- ‘there is a need for new regulatory measures to help ensure that consumer choices between available therapies and products are not adversely affected by misinformation’ The quality of consumer information is what matters here, however it is achieved. The previous point revealed an inherent problem for would-be quitters: a small company with a good product has a slimmer chance of commercial success than a huge company with one; the huge companies are the pharmaceuticals, so the commercially successful products are likely to be pharmaceutical, however good the other products are. Currently, those smokers for whom NRT is contraindicated (e.g. pregnant, diabetic, age-related macular degeneration) have little choice and less independent information. What all quitters need is greater and more informed choice about quitting aids; NicoBloc’s own data from nearly 2000 respondents using NicoBloc indicate that more than two-thirds of them have failed to quit with NRT and are looking for something different to try. Surely it would be rational to spend public money on independent research into non-pharmaceutical quitting methods. A miniscule share of tobacco tax would fund a very useful range and number of studies.
 http://www.nicobloc.com/Professionals/professional_home.asp - Summary of NicoBloc research. Accessed 5 Mar 2004.
 Pickworth, W.B., Fant, R.V., Nelson, R.A. and Henningfield, J.E. Effects of smoking through a partially occluded filter. Pharmacology, Biochemistry and Behaviour vol 60, no 4, pp817-21, 1998.
 http://www.nicobloc.com/Professionals/professional_home.asp - Capital Doctor, 'NicoBloc, a new drug-free stop-smoking aid'. Accessed 5 Mar 2004.
 Silagy, C., Lancaster, T., Stead, L., Mant, D and Fowler, G. Nicotine replacement therapy for smoking cessation (Cochrane Review). In: The Cochrane Library, Issue 1, 2004. Chichester, UK: John Wiley & Sons, Ltd. (amended 20 Aug 2002)
Dr Alex Milne, is an independent consultant who was engaged by NicoBloc to summarise published scientific data and is replying on behalf of NicoBloc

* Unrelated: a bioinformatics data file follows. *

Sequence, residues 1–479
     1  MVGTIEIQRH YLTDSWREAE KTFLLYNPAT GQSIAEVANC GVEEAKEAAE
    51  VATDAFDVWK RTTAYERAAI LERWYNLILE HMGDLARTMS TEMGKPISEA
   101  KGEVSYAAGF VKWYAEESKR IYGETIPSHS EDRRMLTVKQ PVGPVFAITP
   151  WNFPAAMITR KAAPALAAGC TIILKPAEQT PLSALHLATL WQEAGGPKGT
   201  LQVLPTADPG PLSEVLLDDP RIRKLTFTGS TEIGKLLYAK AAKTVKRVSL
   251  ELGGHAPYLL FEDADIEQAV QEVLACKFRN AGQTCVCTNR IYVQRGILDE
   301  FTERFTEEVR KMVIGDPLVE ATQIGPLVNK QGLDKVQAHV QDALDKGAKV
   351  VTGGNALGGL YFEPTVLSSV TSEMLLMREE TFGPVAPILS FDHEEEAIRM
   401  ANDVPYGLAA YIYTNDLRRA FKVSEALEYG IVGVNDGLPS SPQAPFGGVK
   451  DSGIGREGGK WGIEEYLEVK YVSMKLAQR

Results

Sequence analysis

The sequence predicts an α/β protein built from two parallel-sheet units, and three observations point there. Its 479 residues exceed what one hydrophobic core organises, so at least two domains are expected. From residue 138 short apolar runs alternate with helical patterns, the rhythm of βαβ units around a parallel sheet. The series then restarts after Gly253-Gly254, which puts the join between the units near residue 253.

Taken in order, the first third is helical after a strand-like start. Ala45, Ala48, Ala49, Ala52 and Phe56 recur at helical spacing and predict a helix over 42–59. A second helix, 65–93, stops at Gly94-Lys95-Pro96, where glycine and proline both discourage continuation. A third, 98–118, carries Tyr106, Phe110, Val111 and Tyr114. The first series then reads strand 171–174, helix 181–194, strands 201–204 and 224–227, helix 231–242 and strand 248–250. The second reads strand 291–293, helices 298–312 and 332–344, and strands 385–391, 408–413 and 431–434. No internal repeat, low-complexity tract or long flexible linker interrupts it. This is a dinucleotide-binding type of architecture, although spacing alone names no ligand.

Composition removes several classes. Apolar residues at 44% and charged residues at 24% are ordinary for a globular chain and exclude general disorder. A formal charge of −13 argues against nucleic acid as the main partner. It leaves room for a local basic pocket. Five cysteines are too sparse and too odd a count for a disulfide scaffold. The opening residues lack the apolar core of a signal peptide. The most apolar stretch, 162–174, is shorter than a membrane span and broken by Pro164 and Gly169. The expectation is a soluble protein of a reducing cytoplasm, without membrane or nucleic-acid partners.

Competing interests: No competing interests
Smoking cessation devices: does lack of regulation encourage misleading claims about evidence of effectiveness?
Tim Coleman (BMJ, Feb 14, p398) wrote: “The challenge for those who
advocate complementary therapies in smoking cessation is to provide
evidence for their effectiveness.” One might add that advocates of these
therapies have a responsibility to avoid making misleading claims about
current evidence. A related matter is the potentially misleading promotion
of some smoking cessation devices, which are not regulated as medicines or
medical devices. An instructive case is NicoBloc, a smoking cessation
device currently marketed in the UK, Australia, Ireland and the US. The
product has been available for some years under various brand names but no
clinical trials have been published.
NicoBloc is a corn syrup solution, applied to the filters of
cigarettes. Smokers are instructed to progress from applying one drop to
three drops of the solution over a six-week period, then make a quit
attempt. NicoBloc has prima facie plausibility as way of making cigarettes
less rewarding to smoke. However, the manufacturer makes a very different
"NicoBloc will be absorbing up to 99% of the tar and nicotine that
would otherwise be entering your lungs each time you inhale without
significantly altering the taste or satisfaction of the cigarette."
What evidence is provided for these paired claims? The NicoBloc
website reports smoking machine tests by Stillwell and Gladding
laboratories, showing approximately 98% reductions in tar and nicotine
yields when Winston and Marlboro were treated with three drops of
NicoBloc. (These were standard yields – what a smoking machine
collects when it takes a 35ml puff over 2 seconds, once per minute).
However, elsewhere in the “Professionals” page, we find that a published
study reported 20% reductions in tar yield and 30% reductions in nicotine
yield when Marlboro full-flavor (16mg tar yield) was treated with three
drops of the solution. Because the Stillwell and Gladding tests were